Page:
Education

29.039

32

0.925

Occupation

10.118

16

0.998

Family Type

8.667

8

0.331

Income

16.428

16

1.000

 

Table 10 shows that, there is no significant association between child’s sex, age, diagnosis, religion , parent’s sex, age, education ,occupation ,family type, and family income with family interaction quality of life among parents of children with intellectual and developmental disabilities

 

DISCUSSION:

In this section the meaning of the above findings has been addressed and specific gaps in our understanding of family quality of life among parents of children with intellectual and developmental disabilities were identified. The results of family quality of life among parents of children with intellectual and developmental disabilities confirmed our hypothesis that the families predicts higher levels of satisfaction in FQOL. Jani examined the social problems related to the presence of a intellectually disabled child. Results indicate that parental feelings were marked by anxiety about future. Also, negative effects towards other siblings, psychological stress, decreased interaction with neighbours and relatives, misunderstandings within family and financial loss were significant facts associated with presence of a child with intellectual disability in the family2. Heller et al. found that in contrast with fathers of intellectually disabled children, mothers spent more time providing care, offered more types of support and perceived more care giving burden3. The behaviour and health of the children had a better impact on mothers than on fathers.Seshadri et al reported a direct relationship between the degree of perceived burden, social emotional burden, disruption of family routine and disturbance in family interactions for women with intellectually disabled children rather than men4. Shin and Crittenden in their study provided explanations for well being of Korean andAmerican mothers of children with intellectual disability. Causes of stress for the American mothers was specific to the individual variables. For Korean mothers, cultural values that carry social influence were strongly associated with their experience of stress5. Kermanshahi et al. addressed the perceptions of lives with children with intellectual disability found six major themes: challenging the process of acceptance, painful emotional reactions, the interrelatedness of mother’s health and child’s well being, struggles to deal with oneself or the child, inadequate support from the family and the community, and the anxiety related to child’s uncertain future6.The heterogeneity of the effect however also indicated that intellectual and developmental disabilities does not necessarily provoke psychopathology in all parents. Reports on the proportions of intellectual and developmental disabilities - There was some indication that the effect of intellectual and developmental disabilities was more homogeneous for fathers than for mothers. Work outside the home can be an opportunity to release some of the stress around While at the same time, full-time working schedules may impede contacts with health professionals and therefore diminish opportunities to discuss worries concerning . Fathers tend to work fulltime schedules while mothers’ occupational lives are more likely to vary In addition, the nursing burden for children with intellectual and developmental disabilities vary greatly. Further enquiries on parent’s psychological adjustment with parents of children with intellectual and developmental disabilities will be needed to determine whether this hypothesis can be empirically scored. Factors correlated with parents' psychological adjustment Variability in parents' psychological adjustment was expected to be associated with child, parent, family, and environment factors.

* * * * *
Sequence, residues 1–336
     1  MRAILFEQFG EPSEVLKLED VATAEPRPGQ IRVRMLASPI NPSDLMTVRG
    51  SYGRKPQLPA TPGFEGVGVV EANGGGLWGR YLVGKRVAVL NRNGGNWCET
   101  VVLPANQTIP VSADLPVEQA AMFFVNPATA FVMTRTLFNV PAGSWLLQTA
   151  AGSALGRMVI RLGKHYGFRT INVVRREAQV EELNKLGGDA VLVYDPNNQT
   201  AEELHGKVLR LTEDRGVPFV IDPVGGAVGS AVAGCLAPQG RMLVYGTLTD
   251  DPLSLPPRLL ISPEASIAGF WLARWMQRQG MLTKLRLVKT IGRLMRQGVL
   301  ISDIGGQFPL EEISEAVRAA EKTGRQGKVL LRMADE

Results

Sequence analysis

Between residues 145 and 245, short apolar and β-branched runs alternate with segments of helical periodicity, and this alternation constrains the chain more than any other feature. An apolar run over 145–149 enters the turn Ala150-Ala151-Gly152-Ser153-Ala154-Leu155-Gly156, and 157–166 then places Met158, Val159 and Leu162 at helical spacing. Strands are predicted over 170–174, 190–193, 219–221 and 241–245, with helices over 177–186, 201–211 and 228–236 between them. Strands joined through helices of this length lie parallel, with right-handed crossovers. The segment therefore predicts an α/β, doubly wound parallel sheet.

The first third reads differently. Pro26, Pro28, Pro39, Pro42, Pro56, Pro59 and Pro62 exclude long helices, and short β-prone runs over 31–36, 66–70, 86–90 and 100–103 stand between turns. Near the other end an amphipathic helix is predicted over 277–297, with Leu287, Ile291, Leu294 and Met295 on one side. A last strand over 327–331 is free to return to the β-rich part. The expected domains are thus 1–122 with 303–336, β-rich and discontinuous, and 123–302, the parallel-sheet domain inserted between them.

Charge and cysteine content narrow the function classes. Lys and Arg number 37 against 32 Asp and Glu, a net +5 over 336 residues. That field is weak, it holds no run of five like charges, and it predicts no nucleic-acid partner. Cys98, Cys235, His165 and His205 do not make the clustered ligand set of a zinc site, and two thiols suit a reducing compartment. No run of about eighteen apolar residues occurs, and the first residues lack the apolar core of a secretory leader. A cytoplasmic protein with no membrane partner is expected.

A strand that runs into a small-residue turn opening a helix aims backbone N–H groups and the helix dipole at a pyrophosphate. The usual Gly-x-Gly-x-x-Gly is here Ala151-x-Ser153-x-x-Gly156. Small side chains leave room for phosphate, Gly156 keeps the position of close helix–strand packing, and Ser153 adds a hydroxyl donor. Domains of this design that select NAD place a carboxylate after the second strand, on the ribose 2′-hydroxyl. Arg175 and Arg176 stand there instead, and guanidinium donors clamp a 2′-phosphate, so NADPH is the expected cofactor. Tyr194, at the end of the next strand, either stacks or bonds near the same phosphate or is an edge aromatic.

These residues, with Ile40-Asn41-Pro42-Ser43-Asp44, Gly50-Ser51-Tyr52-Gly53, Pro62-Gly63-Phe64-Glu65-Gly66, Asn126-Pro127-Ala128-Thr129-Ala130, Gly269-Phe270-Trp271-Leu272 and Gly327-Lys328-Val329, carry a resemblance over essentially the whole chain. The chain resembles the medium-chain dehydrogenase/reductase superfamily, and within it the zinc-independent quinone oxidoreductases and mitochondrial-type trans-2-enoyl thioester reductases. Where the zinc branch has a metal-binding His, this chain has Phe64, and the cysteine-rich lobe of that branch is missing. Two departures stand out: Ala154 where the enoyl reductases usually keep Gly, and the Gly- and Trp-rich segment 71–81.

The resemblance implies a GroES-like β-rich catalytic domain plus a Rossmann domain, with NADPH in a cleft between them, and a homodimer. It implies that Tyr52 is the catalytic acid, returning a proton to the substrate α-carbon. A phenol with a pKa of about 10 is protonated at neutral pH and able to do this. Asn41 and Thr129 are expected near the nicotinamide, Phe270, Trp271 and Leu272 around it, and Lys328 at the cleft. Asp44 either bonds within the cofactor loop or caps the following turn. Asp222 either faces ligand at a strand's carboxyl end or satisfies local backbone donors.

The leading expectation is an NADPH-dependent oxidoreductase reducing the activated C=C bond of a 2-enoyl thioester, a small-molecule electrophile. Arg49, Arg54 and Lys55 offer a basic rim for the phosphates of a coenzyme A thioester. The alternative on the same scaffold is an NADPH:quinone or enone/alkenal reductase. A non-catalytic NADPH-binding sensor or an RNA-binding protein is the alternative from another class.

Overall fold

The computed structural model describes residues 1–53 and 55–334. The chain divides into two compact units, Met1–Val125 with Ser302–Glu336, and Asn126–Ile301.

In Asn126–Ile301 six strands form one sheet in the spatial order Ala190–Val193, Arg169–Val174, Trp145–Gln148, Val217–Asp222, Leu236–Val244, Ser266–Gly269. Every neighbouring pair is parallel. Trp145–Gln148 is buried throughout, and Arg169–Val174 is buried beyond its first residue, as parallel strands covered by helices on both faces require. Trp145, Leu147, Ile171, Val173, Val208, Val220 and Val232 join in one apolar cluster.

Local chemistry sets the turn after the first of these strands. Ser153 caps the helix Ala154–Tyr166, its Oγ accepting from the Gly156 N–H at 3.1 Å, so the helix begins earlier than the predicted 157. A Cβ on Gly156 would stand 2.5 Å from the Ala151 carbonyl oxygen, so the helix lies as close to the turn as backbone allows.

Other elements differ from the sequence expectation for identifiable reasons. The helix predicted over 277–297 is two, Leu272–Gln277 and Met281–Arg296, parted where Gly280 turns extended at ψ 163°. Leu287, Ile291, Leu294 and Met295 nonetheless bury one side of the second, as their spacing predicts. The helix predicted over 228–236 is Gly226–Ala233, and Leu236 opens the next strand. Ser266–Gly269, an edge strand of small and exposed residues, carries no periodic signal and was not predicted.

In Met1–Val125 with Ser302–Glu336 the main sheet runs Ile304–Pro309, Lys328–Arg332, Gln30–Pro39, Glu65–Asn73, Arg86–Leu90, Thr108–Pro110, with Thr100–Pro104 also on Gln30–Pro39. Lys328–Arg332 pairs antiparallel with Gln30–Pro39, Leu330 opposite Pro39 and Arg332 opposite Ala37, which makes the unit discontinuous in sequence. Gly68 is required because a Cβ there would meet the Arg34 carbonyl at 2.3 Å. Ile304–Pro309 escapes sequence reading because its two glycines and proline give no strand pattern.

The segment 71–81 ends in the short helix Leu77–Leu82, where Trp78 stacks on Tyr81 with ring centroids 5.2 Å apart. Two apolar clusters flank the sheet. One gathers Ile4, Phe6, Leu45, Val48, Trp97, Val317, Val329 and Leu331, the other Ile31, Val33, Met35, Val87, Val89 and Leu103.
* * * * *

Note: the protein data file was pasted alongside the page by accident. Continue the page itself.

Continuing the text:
REFERENCES:

1.     Wikler L.Chronic stresses of families of mentally Retarded Children.Family relations April 1981; 30(2):281-288.

2.     Jani MC. Social a mentally retarded child in family. Dissertation Diploma in Medical and Social Psychology. Bangalore University 1967.

3.     Heller T, Hsieh K, and Rowitz L. Maternal and Paternal caregiving ofpersons with mental retardation across the life span.Family relations 1997; 46 (4): 407-115.

4.     Seshadri M K, Verma S K, and Prashad. Impact of mental retardation of child on the family in India. Journal of Clinical Psychology 2000; 473-498.

5.     Shin Y J, and Crittenden K S. Well being of mothers of children with mental retardation : An evaluation of the double ABCX model in a cross cultural context. Asian Journal of Social Psychology 2003; 6(3): 171-184.Asia Pacific Disability Rehabilitation Journal 126 Vol. 21 No. 2, 2010

6.     Karmanshahi S M, Vanaki Z, Ahmadi F, Kazemnezad A, Mordoeh E and Azadfalah P. Iranian Mothers’ perceptions of their lives with children with mental retardation:A preliminary Phenomenological Investigation.Journal of Developmental and Physical Disabilities 2008;ISSN,DOI 10.1007/S 10882-008-9099-3.

 

 

 

Received on 27.06.2017           Modified on 16.08.2017

Accepted on 29.10.2017     © A&V Publications all right reserved

Int. J. Nur. Edu. and Research. 2018; 6(2): 138-144.

DOI:   10.5958/2454-2660.2018.00033.9